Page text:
1c. Assessing sustainability (indicators and reporting)

Track Chairs:

Tomás B. Ramos. CENSE, Center for Environmental and Sustainability Research, Dep. of Environmental Sciences and Engineering, School of Science and Technology, NOVA University Lisbon, Portugal. tabr@fct.unl.pt

Anne Wallis. Faculty of Science, Engineering and Built Environment, School of Life and Environmental Sciences, Deakin University, Australia. anne.wallis@deakin.edu.au
Contact:  and

Goals and objectives of the track

In the monitoring, assessment and reporting of sustainability one of the main ends is to support decision-making and policy processes, thus improving the management of natural and human systems and achieving more sustainable outcomes with less negative effects. In addition, to supporting policy development and management strategies, sustainability evaluation, reporting and governance initiatives should integrate and reflect the uncertainty values of non-linear complex processes, where the limits are often unknown. Despite the diversity of methods and tools to assess and report sustainability, indicators are one of the approaches most used, playing a central role, in particular to communicate sustainability performance to stakeholders.

Sustainability Indicators and related approaches have long been used to assess sustainability therefore now is a good time to rethink their roles and applicability. Researchers in this area are faced with several challenging issues, such as: How useful are indicators for the society and for effective stakeholders use? How effective have indicators been at progressing sustainability/sustainable development? How do we assess the impact of sustainability indicator assessments? How should indicators be tailored to produce real impact on decision-making and policy processes? What are the strengths/benefits, drawbacks, opportunities and threats/barriers of using indicators? How resilient is the indicator concept and what innovations can be expected? The sustainable development goal posts keep changing, are we as indicator researchers keeping abreast of change? and if so, how?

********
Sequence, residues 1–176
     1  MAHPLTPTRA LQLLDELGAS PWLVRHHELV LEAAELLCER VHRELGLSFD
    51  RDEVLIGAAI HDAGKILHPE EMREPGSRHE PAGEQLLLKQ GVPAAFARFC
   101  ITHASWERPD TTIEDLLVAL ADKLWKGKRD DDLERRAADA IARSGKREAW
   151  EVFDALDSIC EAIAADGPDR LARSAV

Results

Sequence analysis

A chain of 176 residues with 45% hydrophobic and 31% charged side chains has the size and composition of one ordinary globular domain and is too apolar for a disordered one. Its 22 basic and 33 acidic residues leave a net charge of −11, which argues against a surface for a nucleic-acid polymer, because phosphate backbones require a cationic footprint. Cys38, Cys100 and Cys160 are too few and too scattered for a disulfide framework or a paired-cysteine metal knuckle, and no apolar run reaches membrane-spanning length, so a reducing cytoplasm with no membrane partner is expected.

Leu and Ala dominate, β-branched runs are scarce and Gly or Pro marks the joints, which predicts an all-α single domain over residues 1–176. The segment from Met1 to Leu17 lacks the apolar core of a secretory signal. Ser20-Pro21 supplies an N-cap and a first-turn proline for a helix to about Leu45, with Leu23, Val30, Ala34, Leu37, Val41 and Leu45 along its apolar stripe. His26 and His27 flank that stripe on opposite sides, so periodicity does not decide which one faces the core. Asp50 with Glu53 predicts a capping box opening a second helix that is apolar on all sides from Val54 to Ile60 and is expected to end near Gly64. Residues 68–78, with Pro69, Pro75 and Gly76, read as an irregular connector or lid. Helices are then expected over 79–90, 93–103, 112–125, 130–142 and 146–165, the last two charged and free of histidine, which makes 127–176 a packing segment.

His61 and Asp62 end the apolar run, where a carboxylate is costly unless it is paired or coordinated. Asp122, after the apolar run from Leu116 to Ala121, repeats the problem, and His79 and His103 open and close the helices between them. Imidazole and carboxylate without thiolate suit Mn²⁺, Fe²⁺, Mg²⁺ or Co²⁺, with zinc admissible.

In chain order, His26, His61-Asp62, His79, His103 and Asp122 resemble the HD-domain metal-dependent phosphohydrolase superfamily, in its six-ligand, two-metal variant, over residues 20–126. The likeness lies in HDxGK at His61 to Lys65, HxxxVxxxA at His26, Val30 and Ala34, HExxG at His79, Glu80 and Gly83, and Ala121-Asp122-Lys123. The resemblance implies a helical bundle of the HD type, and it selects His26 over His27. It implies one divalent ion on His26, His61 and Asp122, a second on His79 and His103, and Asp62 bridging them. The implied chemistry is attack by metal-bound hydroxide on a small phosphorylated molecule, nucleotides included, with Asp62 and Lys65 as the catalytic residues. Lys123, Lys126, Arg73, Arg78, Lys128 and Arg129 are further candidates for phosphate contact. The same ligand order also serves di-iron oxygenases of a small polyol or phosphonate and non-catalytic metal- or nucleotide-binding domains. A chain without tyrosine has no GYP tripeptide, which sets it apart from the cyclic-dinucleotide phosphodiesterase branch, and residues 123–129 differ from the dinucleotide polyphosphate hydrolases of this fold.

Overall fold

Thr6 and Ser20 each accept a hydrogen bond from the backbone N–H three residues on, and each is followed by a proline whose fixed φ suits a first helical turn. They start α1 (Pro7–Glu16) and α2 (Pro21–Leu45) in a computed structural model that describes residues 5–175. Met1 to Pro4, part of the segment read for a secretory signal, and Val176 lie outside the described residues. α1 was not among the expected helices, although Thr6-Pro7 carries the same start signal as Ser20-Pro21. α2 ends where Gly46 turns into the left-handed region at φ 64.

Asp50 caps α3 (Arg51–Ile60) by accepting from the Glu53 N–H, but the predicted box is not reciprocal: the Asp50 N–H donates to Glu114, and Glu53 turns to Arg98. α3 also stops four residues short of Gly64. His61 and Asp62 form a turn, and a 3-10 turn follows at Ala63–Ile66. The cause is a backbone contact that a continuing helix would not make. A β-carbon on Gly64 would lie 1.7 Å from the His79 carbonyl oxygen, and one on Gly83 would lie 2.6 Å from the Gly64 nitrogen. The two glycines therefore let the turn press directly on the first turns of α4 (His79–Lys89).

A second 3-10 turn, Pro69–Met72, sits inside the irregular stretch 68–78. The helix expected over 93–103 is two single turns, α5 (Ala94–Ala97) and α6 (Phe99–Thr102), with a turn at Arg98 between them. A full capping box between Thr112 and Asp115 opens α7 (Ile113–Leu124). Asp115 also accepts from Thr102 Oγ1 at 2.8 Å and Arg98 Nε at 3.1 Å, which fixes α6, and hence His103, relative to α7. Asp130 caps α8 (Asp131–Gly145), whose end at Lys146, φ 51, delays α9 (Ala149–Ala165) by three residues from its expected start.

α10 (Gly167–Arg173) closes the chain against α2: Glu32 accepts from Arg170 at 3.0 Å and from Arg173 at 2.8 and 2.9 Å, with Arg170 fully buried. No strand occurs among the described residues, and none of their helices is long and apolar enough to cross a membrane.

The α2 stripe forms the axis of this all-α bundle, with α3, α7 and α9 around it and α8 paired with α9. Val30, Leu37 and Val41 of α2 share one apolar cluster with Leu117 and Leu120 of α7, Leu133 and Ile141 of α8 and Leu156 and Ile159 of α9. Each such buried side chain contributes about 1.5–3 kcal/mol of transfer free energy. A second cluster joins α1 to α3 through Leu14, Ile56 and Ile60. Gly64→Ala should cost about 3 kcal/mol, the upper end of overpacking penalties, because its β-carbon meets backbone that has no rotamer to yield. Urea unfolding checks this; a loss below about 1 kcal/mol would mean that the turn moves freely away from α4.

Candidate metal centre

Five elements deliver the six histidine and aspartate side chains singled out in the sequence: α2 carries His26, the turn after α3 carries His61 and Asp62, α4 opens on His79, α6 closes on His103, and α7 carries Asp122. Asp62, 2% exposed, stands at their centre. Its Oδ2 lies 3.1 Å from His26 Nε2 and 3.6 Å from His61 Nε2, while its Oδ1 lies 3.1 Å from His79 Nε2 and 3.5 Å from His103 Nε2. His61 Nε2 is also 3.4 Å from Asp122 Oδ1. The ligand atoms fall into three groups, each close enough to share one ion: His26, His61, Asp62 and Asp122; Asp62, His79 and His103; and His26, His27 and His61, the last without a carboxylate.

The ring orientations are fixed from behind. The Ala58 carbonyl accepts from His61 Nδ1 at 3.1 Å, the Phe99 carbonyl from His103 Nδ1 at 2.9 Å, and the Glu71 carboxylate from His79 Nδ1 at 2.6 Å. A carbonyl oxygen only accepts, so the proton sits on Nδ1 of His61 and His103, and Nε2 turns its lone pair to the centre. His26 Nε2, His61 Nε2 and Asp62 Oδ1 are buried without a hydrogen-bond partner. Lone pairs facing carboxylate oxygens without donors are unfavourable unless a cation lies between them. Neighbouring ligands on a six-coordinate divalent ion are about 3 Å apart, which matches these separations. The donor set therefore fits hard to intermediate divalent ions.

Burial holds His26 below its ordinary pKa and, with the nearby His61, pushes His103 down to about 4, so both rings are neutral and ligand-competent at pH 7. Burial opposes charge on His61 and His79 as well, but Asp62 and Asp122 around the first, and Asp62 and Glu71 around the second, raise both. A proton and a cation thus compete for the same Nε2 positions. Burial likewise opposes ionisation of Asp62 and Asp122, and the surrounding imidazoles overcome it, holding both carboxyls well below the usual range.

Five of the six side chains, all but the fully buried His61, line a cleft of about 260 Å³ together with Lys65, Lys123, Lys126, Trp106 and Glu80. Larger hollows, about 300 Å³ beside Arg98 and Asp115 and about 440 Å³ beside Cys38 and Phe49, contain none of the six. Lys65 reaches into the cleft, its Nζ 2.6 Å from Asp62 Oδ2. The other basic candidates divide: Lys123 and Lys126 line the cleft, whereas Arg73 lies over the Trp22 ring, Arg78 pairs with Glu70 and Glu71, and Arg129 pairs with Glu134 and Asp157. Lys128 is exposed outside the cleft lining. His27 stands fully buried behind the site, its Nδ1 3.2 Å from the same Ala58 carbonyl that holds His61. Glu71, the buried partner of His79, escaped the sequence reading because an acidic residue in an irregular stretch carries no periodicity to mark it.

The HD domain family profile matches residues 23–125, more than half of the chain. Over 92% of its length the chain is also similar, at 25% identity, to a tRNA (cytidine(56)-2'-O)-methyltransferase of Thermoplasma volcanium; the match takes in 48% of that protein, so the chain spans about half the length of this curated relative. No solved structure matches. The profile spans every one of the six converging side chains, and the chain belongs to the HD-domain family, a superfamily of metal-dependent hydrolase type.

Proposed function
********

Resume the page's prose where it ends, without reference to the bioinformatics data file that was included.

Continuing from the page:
Indicators should be flexible enough to include emerging issues and deal with overlooked aspects of sustainability, particularly those involving global changes and threats, goal and target/limit uncertainty, sustainability ethics, cultural, aesthetics and general non-material values, blurred distinction between peacetime and wartime, collaborative learning, voluntary monitoring and crowd sourcing. They should also be able to reflect the new and old limits of natural-human systems.

The main goal of this track is to discuss new approaches, concepts, methods and frameworks or case study applications that deal with assessing and reporting sustainability through indicator initiatives. Therefore we invite contributions of both theoretical and empirical papers.

Contributions from the followings areas are sought-after

  • The performance of sustainability indicators; the role of meta-evaluation approaches;
  • The effective societal impacts of sustainability indicators;
  • Questioning indicator development and selection approaches: improve the utility, accuracy, validity, feasibility and redundancy;
  • The role of sustainability indicators in assessing impact/follow-up processes of polices, plans and projects;
  • New indicator approaches involved in estimating the physical, ecological and social limits of sustainability issues;
  • The reliability/uncertainty of sustainability measurements and estimates provided by indicators;
  • The implications of easy, friendly/simplistic indicator approaches to assess and communicate sustainability limits;
  • Indicator approaches for assessment and reporting of new sustainability challenges and non-traditional aspects;
  • Scale effects on sustainability assessments and carrying capacity evaluations at local, regional, national and transnational levels and their relationships;
  • Methods to define the thematic scope of sustainability assessment and reporting;
  • How stakeholders could be engaged to assess and report sustainability issues for incorporation into policy: volunteer collaborative contributions to data selection; gathering and assessment; and crowd sourcing.

 

You may submit your abstract by visiting the Ex Ordo abstract submission system (you will be required to setup an account first): http://isdrs2018.exordo.com
Deadline for abstracts: 30 November 2017 7 January 2018

 

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